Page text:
Spirit Leaves: A Sacred Feast


red-featherEastern wisdom enjoins, “The body is the Temple. Care for it; respect it.” Going beyond a glib reception of the words, we awaken to the deep beauty of this teaching. Upon reflection, we come to understand that healthy eating is a Sacred undertaking: another step toward highest enlightenment.

The body is an illusory vessel harboring the Soul. The Soul is infinite — a piece of the vast Ocean of All That Is, so the body cannot truly “contain” it. We are spinning Chakras of energy. Each wheel contains vibrating light. It’s no wonder that even the thought of certain foods instantly resonates within: I feel different imagining a stuffed-crust pepperoni pizza than I do visualizing an organic salad replete with thin radish slices, crisp snow peas, and Annie’s organic dressing.

Some foods have become lifeless, “dead” foods. They are synthesized, paltry imitations of the real thing. Others are laden with chemicals and lifeless. Even before most foods touch our lips, they’ve been chemically sprayed, covered with additives for shelf longevity, canned or jarred with preservatives, stored, shipped long distances, and warehoused. Ultimately, our future sustenance arrives at the store where it sits on shelves until we buy it, take it home and store it once again.

Imagine, instead, the way of our ancestors. A Mandan woman sings and prays while tilling her garden with a rake made from the shoulder blade of a buffalo. No part of the buffalo is wasted, and prayers have been said for his Spirit. That same woman harvests the foods seasonally in a ceremony under the waxing moon. She cleans the food in water that has been blessed. The woman chops and grinds herbs and seasonings using organic handmade deerhorn knives, carved stone mortars and pestles. She combines the foods while singing and praying, and then cooks them over a fire blessed with tobacco. Portions of foods and water are blessed and offered to the Spirits in a clean, saged wooden bowl. After expressing gratitude to the Great Spirit for the hands that prepared the food, and for the beings who gave their lives so that the humans may eat, a magnificent feast is shared.

The people could taste everything that went into the food, because it was all in its natural state. The medicines and prayers used to purify and bless the foods contributed an energetic frequency so high that eating itself would have been a spiritual experience. That is in stark contrast to our lamentable visits to fast food concessions, ordering items cooked on oily, dirty grills by angry, stressed-out, underpaid chefs under exploitation by corporate giants taking more than their share of labor’s output.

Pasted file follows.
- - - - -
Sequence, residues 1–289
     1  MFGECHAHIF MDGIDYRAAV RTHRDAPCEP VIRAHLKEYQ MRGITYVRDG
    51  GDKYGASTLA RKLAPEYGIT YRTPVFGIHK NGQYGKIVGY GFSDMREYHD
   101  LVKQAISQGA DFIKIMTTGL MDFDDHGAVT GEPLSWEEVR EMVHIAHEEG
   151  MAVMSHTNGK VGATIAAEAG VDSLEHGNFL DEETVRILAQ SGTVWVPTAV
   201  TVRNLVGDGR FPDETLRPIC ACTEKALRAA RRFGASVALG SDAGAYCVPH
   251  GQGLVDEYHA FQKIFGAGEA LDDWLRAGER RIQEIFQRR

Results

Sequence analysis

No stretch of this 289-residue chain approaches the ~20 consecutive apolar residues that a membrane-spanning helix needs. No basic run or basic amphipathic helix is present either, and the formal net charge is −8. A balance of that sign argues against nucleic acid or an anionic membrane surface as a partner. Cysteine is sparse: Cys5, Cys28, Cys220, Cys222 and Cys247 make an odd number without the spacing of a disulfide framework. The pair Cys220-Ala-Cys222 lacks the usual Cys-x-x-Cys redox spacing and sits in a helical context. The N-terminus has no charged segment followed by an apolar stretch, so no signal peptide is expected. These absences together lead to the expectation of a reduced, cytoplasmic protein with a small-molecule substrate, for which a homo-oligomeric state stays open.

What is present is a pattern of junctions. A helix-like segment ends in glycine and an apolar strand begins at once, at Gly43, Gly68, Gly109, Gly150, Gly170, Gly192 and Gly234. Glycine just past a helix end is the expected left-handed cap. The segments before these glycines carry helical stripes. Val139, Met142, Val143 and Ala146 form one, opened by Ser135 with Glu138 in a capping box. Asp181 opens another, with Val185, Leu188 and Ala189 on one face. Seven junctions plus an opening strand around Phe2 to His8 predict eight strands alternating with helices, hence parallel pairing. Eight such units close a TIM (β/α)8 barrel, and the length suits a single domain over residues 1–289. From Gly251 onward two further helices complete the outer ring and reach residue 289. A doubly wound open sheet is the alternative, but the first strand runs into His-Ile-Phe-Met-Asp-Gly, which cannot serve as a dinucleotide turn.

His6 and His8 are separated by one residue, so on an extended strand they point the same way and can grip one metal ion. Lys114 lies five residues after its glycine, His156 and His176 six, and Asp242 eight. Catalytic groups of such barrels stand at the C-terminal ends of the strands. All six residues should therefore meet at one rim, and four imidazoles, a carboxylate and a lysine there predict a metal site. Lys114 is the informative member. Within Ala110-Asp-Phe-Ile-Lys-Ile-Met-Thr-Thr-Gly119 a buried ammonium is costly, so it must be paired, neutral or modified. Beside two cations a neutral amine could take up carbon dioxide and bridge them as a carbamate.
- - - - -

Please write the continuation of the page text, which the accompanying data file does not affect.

No wonder we find ourselves perpetually tired, sad and overweight. We visit doctors and attach labels to our condition and live under that onus. As our bodies decline, we take pills for comfort. These are mere chemical clones of their natural complements (aspirin, for instance, is really White Willow Bark). Additives and alterations bring with them inevitable side effects. The speed of Western medicinal remedies is impressive, but its artifice wreaks havoc on our bodies.

Our bodies are Sacred. With that high level of regard, we would more carefully filter every food, drink or substance we ingest. We would exercise and take in more oxygen and sunlight. The living beings that are our cells would elicit from us such compassion that we would listen to even the slightest distress call from them and immediately make an adjustment. Instead, we wait until the whole organism cries out in anguish from the etiology of a “dis-ease” that has been brewing in smaller stages for months — even years.

Ignorance is not bliss. My Higher Self has patiently waited for these words to surface that I might heed them and internalize the message. I have been told by The Red Feather Man that he has seen me in a dream, and I am to live a long life. I can’t meditate in a temple that has clogged pipes, cranky support beams, or a depleted flow of oxygen. Part of being spiritual involves caring for my physical self.

From this day forward, I shall consider scrupulously everything I proffer to the Holy Temple.

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Janet Michele Red Feather
Janet Michele Red Feather, J.D., M.A., is a ceremonial singer who has learned over 60 traditional songs in Mandan and Lakota and sings in nine different languages. Janet was a full-time defense litigator in California for nearly eight years. Her life changed significantly after she traveled to North Dakota in 1993 to fast and pray for a way of life. A regular columnist for The Edge, she has also appeared in Psychic Guidepost, FATE Magazine and Species Link. Her book, Song of the Wind (2014, Galde Press), dealt with her experiences as an empath, and her journey through Mandan spiritual culture. She is currently a full-time, tenured English faculty member at Normandale Community College, having taught Composition and Literature for a span of 20 years.


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